Youth Brave Heat, Bugs to Improve the Cody Riverfront for Cody Wild West River Fest
The group pitched in on a variety of clean-up jobs along the Shoshone River where hundreds are expected to gather for the Cody Wild River Fest in late August.
CODY, WY | August 01, 2013
The Cody riverfront looks better today, thanks to the hard work of nearly 85 young people ages 5-25. On Wednesday, the group participated in a Wyoming Nature Conservancy Volunteer Day, pitching in on a variety of clean-up jobs along the Shoshone River, where hundreds are expected to gather on August 24 for the first-ever Cody Wild West River Fest.
“We want people to take pride in this place and appreciate all that the Shoshone River provides for our community,” says Katherine Thompson, event coordinator and The Nature Conservancy’s Northwest Wyoming Program Director. “Rivers provide clean drinking water, irrigation water for farms, homes for wildlife and a place for us to play. It’s an important resource that is worth our care.”
The youth donned protective gloves, lathered on sunscreen, and took a lot of water breaks. Work ranged from pulling and bagging weeds to picking up trash and dog poop along the trails. Groups participating included campers from the Cody Parks and Recreation Department’s Kidz on the Move, participants in the Buffalo Bill Center of the West’s Discovery Field Trips, summer interns from The Nature Conservancy’s Leaders in Environmental Action for the Future, and crewmembers from the Wyoming Conservation Corps. Eagle Scout, Sam Larson, also led volunteers in building bat boxes and birdhouses that were later put up along the river trails.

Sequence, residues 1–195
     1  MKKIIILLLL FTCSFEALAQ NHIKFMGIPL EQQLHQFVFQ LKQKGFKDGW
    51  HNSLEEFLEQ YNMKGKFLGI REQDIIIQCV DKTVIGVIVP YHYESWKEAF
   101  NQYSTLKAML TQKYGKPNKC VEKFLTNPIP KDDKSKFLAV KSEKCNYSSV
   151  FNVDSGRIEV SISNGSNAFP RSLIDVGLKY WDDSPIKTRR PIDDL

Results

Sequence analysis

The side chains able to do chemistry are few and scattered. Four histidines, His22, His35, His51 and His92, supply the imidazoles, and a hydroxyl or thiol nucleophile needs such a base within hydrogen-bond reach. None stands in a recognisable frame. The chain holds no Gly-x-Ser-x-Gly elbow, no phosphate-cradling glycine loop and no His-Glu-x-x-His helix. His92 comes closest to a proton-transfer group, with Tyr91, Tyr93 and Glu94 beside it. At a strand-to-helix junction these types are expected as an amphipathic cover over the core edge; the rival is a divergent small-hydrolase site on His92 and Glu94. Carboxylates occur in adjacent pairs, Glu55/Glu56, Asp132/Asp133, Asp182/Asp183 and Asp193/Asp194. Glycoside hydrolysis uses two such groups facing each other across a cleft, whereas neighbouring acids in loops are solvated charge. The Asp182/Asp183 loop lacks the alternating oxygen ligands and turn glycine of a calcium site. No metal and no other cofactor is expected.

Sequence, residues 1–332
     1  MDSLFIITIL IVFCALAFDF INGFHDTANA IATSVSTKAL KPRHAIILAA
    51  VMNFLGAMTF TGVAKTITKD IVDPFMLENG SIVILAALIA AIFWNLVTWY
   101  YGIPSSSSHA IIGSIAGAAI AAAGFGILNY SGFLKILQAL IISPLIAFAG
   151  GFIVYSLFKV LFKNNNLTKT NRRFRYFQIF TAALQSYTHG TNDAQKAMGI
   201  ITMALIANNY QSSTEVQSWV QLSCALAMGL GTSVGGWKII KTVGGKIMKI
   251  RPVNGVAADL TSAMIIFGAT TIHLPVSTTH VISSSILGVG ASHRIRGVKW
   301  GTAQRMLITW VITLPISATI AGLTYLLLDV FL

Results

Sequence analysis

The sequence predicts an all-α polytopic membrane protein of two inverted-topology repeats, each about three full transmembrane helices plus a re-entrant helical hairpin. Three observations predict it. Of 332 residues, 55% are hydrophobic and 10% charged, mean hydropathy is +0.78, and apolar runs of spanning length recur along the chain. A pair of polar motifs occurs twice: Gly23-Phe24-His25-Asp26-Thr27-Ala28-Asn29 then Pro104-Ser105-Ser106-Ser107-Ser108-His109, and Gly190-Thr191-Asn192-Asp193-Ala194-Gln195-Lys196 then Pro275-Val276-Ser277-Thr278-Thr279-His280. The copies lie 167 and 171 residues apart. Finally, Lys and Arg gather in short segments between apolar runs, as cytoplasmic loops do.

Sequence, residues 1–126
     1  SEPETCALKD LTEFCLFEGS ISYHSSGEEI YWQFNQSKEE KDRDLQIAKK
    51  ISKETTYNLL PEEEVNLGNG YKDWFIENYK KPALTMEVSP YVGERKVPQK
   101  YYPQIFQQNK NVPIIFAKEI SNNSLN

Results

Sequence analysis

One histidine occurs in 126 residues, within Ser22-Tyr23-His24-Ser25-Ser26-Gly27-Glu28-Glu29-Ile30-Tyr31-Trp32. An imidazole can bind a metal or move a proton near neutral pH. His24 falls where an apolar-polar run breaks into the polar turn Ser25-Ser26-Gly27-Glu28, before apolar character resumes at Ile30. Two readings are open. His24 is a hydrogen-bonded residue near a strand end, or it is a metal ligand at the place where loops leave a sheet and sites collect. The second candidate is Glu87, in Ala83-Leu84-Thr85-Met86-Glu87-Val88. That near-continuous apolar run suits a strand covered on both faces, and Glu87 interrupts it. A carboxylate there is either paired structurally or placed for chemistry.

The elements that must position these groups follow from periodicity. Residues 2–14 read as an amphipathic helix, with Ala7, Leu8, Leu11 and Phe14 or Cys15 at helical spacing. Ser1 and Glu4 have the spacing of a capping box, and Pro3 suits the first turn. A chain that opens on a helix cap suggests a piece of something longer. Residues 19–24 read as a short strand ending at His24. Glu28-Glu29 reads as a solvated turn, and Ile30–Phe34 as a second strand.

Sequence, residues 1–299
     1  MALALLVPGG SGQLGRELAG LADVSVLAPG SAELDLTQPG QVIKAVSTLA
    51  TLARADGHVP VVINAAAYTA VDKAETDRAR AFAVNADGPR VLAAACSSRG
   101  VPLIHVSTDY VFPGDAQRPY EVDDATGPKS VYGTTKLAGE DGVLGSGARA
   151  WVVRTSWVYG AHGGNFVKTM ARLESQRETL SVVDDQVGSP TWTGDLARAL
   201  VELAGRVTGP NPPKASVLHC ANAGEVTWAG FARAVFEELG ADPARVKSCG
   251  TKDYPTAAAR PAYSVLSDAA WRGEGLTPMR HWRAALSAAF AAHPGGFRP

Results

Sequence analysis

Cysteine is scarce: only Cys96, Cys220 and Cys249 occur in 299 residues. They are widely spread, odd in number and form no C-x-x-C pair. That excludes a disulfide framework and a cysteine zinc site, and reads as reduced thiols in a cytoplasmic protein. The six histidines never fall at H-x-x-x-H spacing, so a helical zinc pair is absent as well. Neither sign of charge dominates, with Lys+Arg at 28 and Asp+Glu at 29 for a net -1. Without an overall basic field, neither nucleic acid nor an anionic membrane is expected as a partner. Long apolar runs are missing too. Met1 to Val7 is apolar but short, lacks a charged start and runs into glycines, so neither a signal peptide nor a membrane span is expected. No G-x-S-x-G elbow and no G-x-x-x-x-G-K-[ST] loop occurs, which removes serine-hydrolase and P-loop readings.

“The kids, including my own daughter, were excited to contribute to this effort,” adds Thompson. “It made me proud of Cody’s young people and hopeful that their efforts will inspire others to be more thoughtful about how they dispose of their trash, cigarette butts, and pet waste.”
During the trail clean-up, 50 bags of trash and invasive weeds were hauled out, and roughly 50 pounds of dog poop picked up along the first ¼ mile of the Paul Stock Nature Trail. When it rains, bacteria in feces can wash into the river where it poses a threat to human health. Parts of the Shoshone River drainage are contaminated with E. coli, and efforts are underway to determine the best ways to address the pollution.
“It’s important for people to know the impact leaving pet waste behind can have on our river and our health.” says Thompson, “We hope the children will share this safety information with their parents and friends. Everyone in the community has a role in taking care of this special place.”
The volunteers could see the impact they were having along the river. Many of the children remarked at the difference a few hours’ work had on the riverfront.
The volunteer day brings us one step closer to the Cody Wild West River Fest, a community event designed to celebrate the Shoshone River and everything it provides for our communities. Events ranging from river races and engaging demonstrations to a fly fishing tournament and bluegrass concert will take place along the Shoshone River and in City Park in Cody on Saturday, August 24 from 6:00 a.m. to 8:00 p.m. A kick-off event will be held on Friday, August 23 from 5:30 to 10:00 p.m. at the Buffalo Bill Center of the West.
For more information on the festival, visit codyriverfest.com.
The Nature Conservancy is a leading conservation organization working around the world to conserve the lands and waters on which all life depends. The Conservancy and its more than 1 million members have protected nearly 120 million acres worldwide. Visit The Nature Conservancy on the Web at www.nature.org